Countries in the Middle East and North Africa, especially those currently or historically wracked by conflict and displacement, have generated waves of immigration and refugees across the world. For places like Lebanon and Palestine, this has led to a larger population living outside the historical borders of the country than inside them. Syria may see a similar phenomenon over the course of the next generation. Millions more from the Middle East and North Africa have simply left the region in search of better economic and educational opportunities. As the world has grown more connected, and capital, knowledge, and people can traverse the globe quicker than ever before, some have begun to wonder whether these tragic outcomes can transform into assets for economic development.Marwan Abdelhamid, a Palestinian living, working, and studying in the U.S. right now, is working on an answer to that question. GrowHome is a startup that he co-founded to build connections between the diaspora and entrepreneurs in their home countries.
إنَّ بلدان الشرق الأوسط وشمال أفريقيا، ولا سيما تلك المناطق التي مزقتها الصراعات والتشرد سواء حاليا أو على مدى التاريخ، مؤديا الى موجات من الهجرة واللاجئين في جميع أنحاء العالم. وبالنسبة لأماكن مثل لبنان وفلسطين، أدى ذلك إلى وجود عدد أكبر من السكان الذين يعيشون خارج الحدود التاريخية للبلاد مقارنة بعدد الذين يعيشون داخلها. وقد تشهد سوريا ظاهرة مماثلة على مدى الجيل القادم. و لقد غادر ملايين آخرون من الشرق الأوسط وشمال أفريقيا المنطقة بحثا عن فرص اقتصادية وتعليمية أفضل. ومع تزايد ترابط العالم، وتمكن رأس المال والمعرفة والناس من اجتياز العالم بسرعة أكبر من أي وقت مضى، بدأ البعض يتساءل عما إذا كانت هذه النتائج المأساوية بامكانها أن تتحول إلى أساسات للتنمية الاقتصادية.
لقد نما التمويل الجماعي والابتكار الاجتماعي بشكل كبير في السنوات الأخيرة في جميع أنحاء العالم، ومنطقة الشرق الأوسط وشمال أفريقيا ليست باستثناء، ولا سيما في مكان مثل فلسطين، مع وجود شتات عالمي كبير وشبكة من المؤيدين، وندرة عدم وجود تحديات اجتماعية على أرض الواقع، فإن التمويل الجماعي للمؤسسات الاجتماعية لديه القدرة على تحفيز التغيير الاقتصادي الإيجابي.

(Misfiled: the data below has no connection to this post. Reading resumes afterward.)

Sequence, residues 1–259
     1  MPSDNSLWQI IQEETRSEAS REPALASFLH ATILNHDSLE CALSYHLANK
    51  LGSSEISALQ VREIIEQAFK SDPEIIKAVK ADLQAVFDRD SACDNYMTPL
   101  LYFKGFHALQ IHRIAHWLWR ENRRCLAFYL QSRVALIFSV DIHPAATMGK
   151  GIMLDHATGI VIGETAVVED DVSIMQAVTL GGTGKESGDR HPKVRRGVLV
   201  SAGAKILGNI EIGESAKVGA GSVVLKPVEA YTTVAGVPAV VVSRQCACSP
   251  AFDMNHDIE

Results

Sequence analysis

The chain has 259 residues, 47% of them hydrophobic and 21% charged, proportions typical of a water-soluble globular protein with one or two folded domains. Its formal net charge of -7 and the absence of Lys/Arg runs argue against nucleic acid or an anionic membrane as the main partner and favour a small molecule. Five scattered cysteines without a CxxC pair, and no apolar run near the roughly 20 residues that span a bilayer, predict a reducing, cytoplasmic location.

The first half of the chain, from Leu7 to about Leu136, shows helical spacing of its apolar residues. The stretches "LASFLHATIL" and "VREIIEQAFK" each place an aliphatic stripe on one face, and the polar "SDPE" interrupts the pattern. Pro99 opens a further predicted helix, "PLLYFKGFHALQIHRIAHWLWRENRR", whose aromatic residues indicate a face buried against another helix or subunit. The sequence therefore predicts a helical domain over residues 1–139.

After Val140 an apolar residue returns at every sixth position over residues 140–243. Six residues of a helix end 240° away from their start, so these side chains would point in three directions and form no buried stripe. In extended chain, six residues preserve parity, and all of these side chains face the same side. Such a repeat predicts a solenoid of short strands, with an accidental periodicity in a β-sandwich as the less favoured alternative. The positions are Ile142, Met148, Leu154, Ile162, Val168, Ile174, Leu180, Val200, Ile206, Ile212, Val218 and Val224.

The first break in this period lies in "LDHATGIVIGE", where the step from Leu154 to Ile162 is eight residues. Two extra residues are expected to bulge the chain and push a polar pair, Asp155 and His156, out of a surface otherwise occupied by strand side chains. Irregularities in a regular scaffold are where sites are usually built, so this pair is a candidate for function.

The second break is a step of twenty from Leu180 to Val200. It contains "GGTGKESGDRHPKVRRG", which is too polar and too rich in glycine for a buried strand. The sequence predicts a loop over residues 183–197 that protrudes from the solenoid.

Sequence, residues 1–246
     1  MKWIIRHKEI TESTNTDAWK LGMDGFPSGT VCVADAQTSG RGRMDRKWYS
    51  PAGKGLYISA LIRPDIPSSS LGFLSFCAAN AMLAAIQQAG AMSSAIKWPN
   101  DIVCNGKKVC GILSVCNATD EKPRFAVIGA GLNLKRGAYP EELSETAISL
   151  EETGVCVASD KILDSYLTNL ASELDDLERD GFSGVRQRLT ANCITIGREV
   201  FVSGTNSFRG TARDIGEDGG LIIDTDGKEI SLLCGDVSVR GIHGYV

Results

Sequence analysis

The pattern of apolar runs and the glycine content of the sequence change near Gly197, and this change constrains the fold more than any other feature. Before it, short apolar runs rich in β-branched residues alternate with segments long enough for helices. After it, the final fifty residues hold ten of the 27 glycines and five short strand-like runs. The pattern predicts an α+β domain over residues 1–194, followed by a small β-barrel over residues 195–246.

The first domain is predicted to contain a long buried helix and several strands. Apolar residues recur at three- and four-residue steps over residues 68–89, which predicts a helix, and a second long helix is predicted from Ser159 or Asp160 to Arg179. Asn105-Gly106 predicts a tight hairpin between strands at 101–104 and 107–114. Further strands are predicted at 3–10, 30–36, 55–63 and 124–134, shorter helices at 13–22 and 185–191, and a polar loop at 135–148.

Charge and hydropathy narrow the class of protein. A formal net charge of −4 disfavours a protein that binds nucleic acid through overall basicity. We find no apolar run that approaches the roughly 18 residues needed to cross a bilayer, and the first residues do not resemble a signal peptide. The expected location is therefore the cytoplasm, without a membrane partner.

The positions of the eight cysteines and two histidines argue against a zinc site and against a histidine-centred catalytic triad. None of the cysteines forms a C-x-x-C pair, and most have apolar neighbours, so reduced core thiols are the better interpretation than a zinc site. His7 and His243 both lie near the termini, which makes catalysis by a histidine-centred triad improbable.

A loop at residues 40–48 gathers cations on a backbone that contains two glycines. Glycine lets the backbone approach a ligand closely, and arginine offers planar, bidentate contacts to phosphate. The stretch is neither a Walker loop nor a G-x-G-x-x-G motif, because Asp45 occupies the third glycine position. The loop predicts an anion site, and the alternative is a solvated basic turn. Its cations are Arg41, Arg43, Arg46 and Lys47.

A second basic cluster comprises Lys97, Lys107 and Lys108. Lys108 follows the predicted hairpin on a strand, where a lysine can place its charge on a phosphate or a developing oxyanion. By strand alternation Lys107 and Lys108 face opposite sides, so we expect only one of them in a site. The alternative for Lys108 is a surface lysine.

Crowdfunding and social innovation have grown immensely in recent years across the world, and the MENA region is no exception. Especially in a place like Palestine, with a large, global diaspora and network of supporters, and no lack of social challenges on the ground, crowdfunding for social enterprises has the potential to catalyze positive economic change. To learn more, I had the pleasure of interviewing Lama Amr, the recently promoted Executive Director of BuildPalestine.
Khaled Zaidan has worked as an investor in Saudi Arabia for the past 10 years and has witnessed the changing investment landscape. An early proponent of venture capital and startups, a mix of initiative, hustle, and investment savvy has recently landed him the position of Head of Alternative Investments at Watheeq Capital. Words on a page don’t always do justice to this type of thing, but I hope Khaled’s passion for the space, and excitement for his new role shine through in the interview below. I’m sure those of us that follow this sector in the region will be hearing more from him in the coming years.
When it comes to understanding the MENA region’s Seed stage venture capital and startup ecosystem, you’d be hard pressed to find someone with a wider breadth of experience than Hasan Haider. Formerly the Managing Partner of 500 Startups’ MENA Fund, Hasan and his partner Sharif Elbadawi launched Plus.VC in the fall of 2020 to continue the work they started at 500 Startups in 2017, backing the region and its diaspora’s most exciting Seed stage founders.